The difference lies in their weight. As mentioned earlier, Hassen weighs in at around 74 kg, which makes him one of the lightest goalkeepers in African football. Kameni (86 kg), El Hadary (85 kg), and Enyeama (87 kg)—all legends of African goalkeeping—weigh in comfortably over the 80 kg mark.

This difference in mass can also be seen when Hassen is compared to other active African goalkeepers. Cameroon’s André Onana clocks in at 82 kg, Morocco’s Yassine Bounou weighs around 78 kg, and Egypt’s Mohamed El Shenawy weighs about 84 kg. Even Hassen’s Tunisian teammates, Farouk Ben Mustapha and Moez Ben Cherifia, weigh 83 kg and 80 kg, respectively. When compared to both past and present African goalkeepers, Hassen’s weight is on the lighter side.

But why does this matter? Well, it has to do with a goalkeeper’s vertical jump. Along with lean muscle, a person’s weight is the biggest contributor to how high said person can jump. As Joseph Eitel puts it in his post for azcentral.com, “imagine putting on a 20-pound weighted vest and trying to jump straight up; it’s unlikely you can jump as high as without the vest.” For goalkeepers, less weight means they can jump higher, and so they can challenge for crosses and high balls more effectively.

Bringing this back to Hassen, this is a significant factor behind why he’s one of the best, most agile African goalkeepers in terms of aerial challenges. He is significantly lighter than most fellow African goalkeepers, and that gives him a leg up on his opponents (literally and figuratively).

“He’s a prototype of those new ‘keepers, and even in Tunisia, I would say that we don’t have these type of ‘keepers.” Lotfi said. “Mouez Hassen is physically more impressive than the usual ‘keepers we have in Tunisia.”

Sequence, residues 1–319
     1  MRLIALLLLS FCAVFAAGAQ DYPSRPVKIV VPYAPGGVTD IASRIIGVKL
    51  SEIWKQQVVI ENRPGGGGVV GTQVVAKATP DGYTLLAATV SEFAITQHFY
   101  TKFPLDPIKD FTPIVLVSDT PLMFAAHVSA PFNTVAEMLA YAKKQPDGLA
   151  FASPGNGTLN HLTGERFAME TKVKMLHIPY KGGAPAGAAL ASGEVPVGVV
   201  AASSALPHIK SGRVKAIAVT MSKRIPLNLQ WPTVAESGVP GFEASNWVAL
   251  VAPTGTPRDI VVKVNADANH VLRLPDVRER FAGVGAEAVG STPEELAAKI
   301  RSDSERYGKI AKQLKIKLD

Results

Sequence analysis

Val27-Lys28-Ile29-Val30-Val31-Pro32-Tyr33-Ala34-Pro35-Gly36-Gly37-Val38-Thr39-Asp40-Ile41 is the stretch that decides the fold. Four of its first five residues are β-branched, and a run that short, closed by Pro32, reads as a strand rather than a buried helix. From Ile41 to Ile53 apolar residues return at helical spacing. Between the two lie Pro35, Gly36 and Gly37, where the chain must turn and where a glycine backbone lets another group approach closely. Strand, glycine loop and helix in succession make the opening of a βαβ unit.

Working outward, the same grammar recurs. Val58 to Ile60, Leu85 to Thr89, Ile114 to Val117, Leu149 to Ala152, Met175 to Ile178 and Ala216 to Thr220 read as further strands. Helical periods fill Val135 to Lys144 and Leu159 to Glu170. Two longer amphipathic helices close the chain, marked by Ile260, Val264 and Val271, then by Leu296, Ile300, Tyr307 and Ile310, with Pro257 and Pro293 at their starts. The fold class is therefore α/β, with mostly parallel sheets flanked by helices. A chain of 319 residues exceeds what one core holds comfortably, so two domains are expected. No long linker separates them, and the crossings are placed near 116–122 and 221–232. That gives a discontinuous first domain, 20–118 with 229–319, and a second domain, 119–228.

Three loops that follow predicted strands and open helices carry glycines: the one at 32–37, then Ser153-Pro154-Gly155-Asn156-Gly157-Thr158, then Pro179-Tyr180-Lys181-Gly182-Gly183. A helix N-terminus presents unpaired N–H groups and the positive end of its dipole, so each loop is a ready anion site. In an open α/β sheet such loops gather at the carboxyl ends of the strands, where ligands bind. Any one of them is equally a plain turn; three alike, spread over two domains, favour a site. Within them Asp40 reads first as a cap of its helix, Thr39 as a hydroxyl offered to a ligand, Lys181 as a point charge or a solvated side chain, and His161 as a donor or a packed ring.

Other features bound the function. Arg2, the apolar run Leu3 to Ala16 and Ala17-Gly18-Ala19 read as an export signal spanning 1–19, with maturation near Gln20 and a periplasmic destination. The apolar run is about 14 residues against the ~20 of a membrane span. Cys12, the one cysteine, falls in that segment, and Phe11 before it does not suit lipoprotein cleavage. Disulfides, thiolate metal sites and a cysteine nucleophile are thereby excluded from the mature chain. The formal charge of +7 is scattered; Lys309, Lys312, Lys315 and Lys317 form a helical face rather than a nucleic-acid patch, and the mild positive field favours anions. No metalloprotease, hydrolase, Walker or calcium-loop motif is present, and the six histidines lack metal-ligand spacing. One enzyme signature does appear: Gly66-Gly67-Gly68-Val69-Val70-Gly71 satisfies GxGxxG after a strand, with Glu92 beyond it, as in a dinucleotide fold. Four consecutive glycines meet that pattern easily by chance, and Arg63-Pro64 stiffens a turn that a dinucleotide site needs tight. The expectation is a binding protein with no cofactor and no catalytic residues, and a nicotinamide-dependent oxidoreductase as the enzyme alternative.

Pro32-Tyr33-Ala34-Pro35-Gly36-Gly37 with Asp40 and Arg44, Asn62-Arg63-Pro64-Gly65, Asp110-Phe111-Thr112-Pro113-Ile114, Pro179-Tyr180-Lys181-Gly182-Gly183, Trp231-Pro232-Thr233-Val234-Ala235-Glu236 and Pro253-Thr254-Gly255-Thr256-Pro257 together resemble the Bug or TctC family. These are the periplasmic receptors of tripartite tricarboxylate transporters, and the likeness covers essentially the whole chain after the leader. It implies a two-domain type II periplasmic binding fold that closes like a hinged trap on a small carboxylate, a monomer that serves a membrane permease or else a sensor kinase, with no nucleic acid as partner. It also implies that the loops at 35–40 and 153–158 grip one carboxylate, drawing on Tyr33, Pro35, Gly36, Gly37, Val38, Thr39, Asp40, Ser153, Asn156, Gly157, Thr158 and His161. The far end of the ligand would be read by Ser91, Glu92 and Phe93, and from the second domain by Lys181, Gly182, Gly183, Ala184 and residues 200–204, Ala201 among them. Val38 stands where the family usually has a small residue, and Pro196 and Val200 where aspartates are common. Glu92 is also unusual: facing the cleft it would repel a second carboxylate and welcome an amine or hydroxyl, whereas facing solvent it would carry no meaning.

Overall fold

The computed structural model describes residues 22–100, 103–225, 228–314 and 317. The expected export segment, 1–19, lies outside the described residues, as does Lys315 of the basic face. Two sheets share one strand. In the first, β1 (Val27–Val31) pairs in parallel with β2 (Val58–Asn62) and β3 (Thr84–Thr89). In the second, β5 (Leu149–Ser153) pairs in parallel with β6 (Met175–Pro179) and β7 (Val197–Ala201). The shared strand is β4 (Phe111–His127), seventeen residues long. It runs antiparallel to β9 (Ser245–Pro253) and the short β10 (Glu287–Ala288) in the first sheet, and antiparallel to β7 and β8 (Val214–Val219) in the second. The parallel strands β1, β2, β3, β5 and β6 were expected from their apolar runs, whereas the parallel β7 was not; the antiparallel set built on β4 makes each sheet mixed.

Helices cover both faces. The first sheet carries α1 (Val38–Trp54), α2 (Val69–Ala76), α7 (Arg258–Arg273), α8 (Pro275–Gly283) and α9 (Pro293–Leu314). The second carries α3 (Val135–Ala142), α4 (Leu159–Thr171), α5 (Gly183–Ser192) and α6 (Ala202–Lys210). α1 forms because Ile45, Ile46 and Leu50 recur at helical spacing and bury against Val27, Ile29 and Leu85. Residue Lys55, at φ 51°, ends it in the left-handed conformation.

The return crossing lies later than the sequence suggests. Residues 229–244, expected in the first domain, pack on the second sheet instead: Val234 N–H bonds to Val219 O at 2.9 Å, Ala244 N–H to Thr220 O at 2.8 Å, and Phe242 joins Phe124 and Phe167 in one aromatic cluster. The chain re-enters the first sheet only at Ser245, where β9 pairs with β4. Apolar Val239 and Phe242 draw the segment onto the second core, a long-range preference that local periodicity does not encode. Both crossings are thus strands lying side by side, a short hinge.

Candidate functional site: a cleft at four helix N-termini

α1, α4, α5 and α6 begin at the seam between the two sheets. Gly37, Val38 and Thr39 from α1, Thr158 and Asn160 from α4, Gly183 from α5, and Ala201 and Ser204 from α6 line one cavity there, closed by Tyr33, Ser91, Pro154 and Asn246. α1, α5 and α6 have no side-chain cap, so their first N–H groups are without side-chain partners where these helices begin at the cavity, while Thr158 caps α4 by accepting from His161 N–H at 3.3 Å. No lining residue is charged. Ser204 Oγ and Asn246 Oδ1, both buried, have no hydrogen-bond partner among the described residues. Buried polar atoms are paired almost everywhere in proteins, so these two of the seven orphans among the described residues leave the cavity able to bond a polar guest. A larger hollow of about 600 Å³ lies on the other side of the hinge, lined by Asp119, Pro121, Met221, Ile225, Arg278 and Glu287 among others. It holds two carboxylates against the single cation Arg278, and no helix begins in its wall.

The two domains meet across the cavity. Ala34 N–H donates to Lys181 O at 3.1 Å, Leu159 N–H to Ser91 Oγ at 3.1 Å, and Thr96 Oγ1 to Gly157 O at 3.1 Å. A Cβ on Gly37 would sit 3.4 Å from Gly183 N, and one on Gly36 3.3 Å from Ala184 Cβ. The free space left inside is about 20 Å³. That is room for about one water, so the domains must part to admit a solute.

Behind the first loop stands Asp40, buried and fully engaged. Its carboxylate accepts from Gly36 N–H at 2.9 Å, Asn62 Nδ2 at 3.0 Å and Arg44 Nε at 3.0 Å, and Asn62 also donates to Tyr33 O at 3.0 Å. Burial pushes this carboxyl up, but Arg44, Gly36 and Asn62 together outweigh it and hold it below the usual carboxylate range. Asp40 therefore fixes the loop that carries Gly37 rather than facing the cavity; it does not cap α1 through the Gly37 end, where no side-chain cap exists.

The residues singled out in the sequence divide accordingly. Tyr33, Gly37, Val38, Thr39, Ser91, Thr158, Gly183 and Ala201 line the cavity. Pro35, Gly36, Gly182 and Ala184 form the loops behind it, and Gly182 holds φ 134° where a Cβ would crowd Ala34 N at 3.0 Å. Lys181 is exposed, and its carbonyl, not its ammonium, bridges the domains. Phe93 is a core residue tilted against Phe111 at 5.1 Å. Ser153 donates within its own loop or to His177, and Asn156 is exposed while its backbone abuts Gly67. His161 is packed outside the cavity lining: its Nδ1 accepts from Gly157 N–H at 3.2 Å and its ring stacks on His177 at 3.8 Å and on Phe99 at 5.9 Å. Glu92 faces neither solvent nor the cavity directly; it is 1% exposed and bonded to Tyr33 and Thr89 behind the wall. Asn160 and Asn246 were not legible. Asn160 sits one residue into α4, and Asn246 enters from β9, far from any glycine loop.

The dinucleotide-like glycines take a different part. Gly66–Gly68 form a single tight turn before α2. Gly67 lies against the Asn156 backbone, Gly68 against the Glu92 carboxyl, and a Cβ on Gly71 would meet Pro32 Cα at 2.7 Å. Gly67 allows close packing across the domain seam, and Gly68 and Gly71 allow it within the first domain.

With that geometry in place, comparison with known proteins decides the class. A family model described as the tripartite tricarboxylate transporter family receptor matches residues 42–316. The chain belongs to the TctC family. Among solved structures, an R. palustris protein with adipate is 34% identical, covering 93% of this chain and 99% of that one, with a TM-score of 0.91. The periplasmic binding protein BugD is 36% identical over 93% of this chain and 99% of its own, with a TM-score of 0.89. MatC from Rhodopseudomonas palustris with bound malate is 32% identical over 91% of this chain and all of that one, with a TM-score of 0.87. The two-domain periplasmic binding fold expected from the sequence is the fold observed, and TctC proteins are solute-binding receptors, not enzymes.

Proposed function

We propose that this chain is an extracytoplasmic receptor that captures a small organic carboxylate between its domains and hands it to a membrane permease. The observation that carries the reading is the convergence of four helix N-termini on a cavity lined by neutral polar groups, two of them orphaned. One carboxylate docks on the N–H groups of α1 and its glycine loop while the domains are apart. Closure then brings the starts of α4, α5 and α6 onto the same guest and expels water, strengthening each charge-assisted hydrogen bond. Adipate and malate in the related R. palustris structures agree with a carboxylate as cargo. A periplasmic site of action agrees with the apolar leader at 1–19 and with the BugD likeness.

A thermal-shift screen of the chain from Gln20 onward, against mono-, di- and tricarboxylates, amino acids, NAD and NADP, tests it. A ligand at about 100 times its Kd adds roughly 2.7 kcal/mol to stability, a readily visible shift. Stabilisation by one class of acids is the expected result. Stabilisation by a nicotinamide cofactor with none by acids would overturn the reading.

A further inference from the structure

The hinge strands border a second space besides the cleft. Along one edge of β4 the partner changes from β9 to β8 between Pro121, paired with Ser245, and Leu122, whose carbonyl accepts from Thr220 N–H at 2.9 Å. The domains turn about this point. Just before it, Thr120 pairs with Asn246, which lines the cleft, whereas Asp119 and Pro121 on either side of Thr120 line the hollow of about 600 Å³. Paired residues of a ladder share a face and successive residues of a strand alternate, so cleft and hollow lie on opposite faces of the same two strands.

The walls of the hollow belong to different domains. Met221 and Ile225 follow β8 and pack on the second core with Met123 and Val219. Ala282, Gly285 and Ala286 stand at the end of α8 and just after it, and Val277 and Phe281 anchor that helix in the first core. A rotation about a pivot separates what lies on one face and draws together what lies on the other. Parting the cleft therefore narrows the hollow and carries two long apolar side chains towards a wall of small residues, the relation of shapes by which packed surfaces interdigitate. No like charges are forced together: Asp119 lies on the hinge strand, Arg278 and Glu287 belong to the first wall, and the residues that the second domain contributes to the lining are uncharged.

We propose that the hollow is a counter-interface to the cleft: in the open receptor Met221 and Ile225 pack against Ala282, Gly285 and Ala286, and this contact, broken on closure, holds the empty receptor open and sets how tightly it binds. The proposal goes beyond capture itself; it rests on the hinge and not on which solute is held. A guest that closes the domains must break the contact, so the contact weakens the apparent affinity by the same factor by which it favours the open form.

Interestingly, while Hassen’s aerial prowess can be described as befitting the modern generation of goalkeepers, his footwork is anything but.

“I would say that he has problems with his footwork,” Lotfi said. “From what I saw of him with the Tunisian national team, he’s not technically very sound or very safe. So I would say that this is his weak point.”

More damningly, Hassen has seen very limited playing minutes in the past year, and that has raised questions about his current fitness and his future at the club level.

“Honestly, I don’t know what will be his future,” Lotfi said. “Even though he has good qualities, he hasn’t played serious football in almost a year.”

Following his World Cup injury, Hassen returned to Nice in France’s Ligue 1. As mentioned earlier, his injury kept him out until October 15, 2018; a total of 119 days. Unfortunately for Hassen, by the time he fully recovered, he had no place left with the senior team, and so he was demoted to Nice’s reserve squad for a period of time.

With Hassen’s contract expiring later this month, it’s unlikely Nice will resign him.

“The future is a bit cloudy,” Lotfi said. “Not in the sense that he doesn’t have the qualities, because he does. But we don’t know where he’ll play next year.”